Published on 16 July 2020

Mayor Strelow.jpg

There is no doubt Rockhampton is a progressive city that is being reshaped. Tell us a little bit about the history of Rocky?

Rockhampton's history is incredibly rich, and if you really want to delve into the history there are bits in there you could not make up if you tried.

Rockhampton has the most extraordinary story of its founding and its early days, but there are some themes through there that I think inform who we are even now.

If you go back to the very earliest days of our city and settlement, it was very much around looking for new sheep. Believe it or not it was going to be sheep, not beef. We could have been the sheep capital of Australia instead of the beef capital of Australia.

But as many great stories begin, clearly there was a strong culture already here, the Darumbal people and I acknowledge their partnership as we go through building this community and continuing to build the community.

When the Archer family arrived, they were a very enterprising family. When you look at things the Archers did, spreading out from Norway to all parts of the globe, they really set up new worlds, they drove an empire and were definitely a go-getter family.

I love to think about what must have been involved, what dinnertime conversations at the family home would look like as the children scattered from one end of the world to the other in a time when it wasn't easy to make connections.

As the early Rockhampton settlement started to grow it was very innovative and fiercely determined to stake a place. The newspaper was set up here and it was a key part in growing a settlement that was determined to be bigger and better and all those things. I believe it was 1876 when Anthony Trollope came to Rockhampton.

Anthony Trollope was a journalist and a commentator. And he was probably as close to Madonna or whatever his generation had; someone that really attracted the groupies.

He commented about Rockhampton being a city of sin, sweat and sorrow, which we try to live down. But he also said, "Rockhampton thinks a good deal of itself."

I think that early hunger for growth and innovation … Rockhampton took no prisoners.

We really thought we had it great, and we do. I think that we have got every right to be proud of the community that we have grown and the natural setting that we are in.

Right up until the Second World War, Rockhampton had its own jelly crystal factory, its own cordial, its own soft drink and its own beer, which they tell me wasn't the tastiest brew, but locals drank it because it was local.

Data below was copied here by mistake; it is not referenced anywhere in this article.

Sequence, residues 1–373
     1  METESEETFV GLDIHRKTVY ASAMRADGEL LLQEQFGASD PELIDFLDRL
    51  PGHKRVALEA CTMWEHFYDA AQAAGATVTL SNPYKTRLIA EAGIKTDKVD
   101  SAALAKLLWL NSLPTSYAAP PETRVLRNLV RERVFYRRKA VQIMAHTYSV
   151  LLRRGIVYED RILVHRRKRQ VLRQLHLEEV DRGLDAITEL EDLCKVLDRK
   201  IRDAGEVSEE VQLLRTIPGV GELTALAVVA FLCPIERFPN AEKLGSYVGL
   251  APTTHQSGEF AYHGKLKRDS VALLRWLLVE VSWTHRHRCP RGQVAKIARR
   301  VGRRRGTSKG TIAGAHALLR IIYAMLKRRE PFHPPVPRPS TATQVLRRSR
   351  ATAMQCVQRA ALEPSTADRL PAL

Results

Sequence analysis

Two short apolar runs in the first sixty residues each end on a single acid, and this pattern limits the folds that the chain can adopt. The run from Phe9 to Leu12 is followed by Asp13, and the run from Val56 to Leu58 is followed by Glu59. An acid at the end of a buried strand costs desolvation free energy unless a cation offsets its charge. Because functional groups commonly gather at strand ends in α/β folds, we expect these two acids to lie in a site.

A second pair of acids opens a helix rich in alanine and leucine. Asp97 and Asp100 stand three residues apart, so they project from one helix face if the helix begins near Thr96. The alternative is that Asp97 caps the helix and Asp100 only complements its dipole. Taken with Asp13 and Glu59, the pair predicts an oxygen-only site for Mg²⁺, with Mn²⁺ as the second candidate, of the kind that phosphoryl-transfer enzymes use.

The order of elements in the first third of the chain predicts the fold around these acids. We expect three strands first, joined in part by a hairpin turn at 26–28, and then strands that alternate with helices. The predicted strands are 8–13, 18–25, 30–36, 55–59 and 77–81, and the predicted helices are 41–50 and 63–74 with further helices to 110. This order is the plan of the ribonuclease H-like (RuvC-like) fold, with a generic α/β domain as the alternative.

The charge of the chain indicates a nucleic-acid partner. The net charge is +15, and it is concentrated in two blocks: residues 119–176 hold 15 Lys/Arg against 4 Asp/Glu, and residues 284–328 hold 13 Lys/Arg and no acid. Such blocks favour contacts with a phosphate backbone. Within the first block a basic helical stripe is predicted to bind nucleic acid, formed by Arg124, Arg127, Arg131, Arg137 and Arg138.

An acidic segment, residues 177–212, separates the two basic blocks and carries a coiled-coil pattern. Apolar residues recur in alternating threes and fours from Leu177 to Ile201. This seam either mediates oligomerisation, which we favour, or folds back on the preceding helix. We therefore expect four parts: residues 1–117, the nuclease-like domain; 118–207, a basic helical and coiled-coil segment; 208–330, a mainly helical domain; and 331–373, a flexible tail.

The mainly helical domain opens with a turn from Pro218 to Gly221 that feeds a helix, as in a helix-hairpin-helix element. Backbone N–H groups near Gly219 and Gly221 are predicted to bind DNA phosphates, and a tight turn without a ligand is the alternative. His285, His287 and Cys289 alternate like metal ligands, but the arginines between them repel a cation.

We made our brooms, we made our own mattresses and we had fashion that was locally produced.

When the rest of the world was starting to change and be more about looking outward to sell your wares, I think Rockhampton was a bit slow at that.

There are early stories of us stopping the railway from coming into Rockhampton from the south. We would let it go to the west and we let it come down from the north, but we wouldn't let that connection to Gladstone because all of the produce from north and west had to go over our walls and that made us wealthy.

But of course, the world changed. It has been this constant story of a city that is very innovative and forward looking and go-getter, and then hanging onto that for a little bit too long.

I think traditionally we are known as neither boom nor bust; Rockhampton was just very steady. But somewhere in the middle of that, others that were hungrier jumped ahead a little.

There has been a real need to take stock of ourselves and to look out at the world a lot more than we had traditionally done. That is very much the moment that we are in now, reinventing ourselves, remembering our roots as go-getters, as innovators, as determined to succeed, because we've got this great setting, and we’re not just resting on our laurels.

Whenever people visit, they always comment how much Rockhampton has really changed. What prompted this change, and what do you think are the key elements that contributed to these new improvements?

I think the big shaking-up moment for us was de-amalgamation. There were forced amalgamations where four shires came together including Rockhampton, and then this changed with Yeppoon Beach being separated.

What that meant for us was financially as a council we were headed for dire straits. But also, as a community, it left us going, "Well, what do we do to ensure our future?".

It was very much about a moment when we had to rethink and refocus ourselves because as much as we share a lot with Mareeba's similar history and our extraordinary buildings, we needed to know that we had a future that was about us.

The reshaping of Rockhampton came out because of that shock to our system, to our ego and to our self-awareness. We came through the de-amalgamation and looked at the pieces that we have, and we just decided that we had to go for broke.

What are the strengths that Rockhampton has got? What do we need to do to reinvent ourselves? And then we really pushed to put as many eggs in one basket as we could to reshape ourselves.

That meant we had to let go of some things that had been special to us for a long time. Council reduced its spending in some of our services to allow us to invest new money and take the community in a different direction.

The things that were really a part of what we saw in that, the physical things are the redevelopment of Quay Street and the Riverbank area there, which is a critical, beautiful setting, that had been so undervalued.

When we were doing that, we made a few commitments to ourselves and to the community. One was that we deserved to have the best. It was not a redevelopment on the cheap, it was a redevelopment that captured imagination.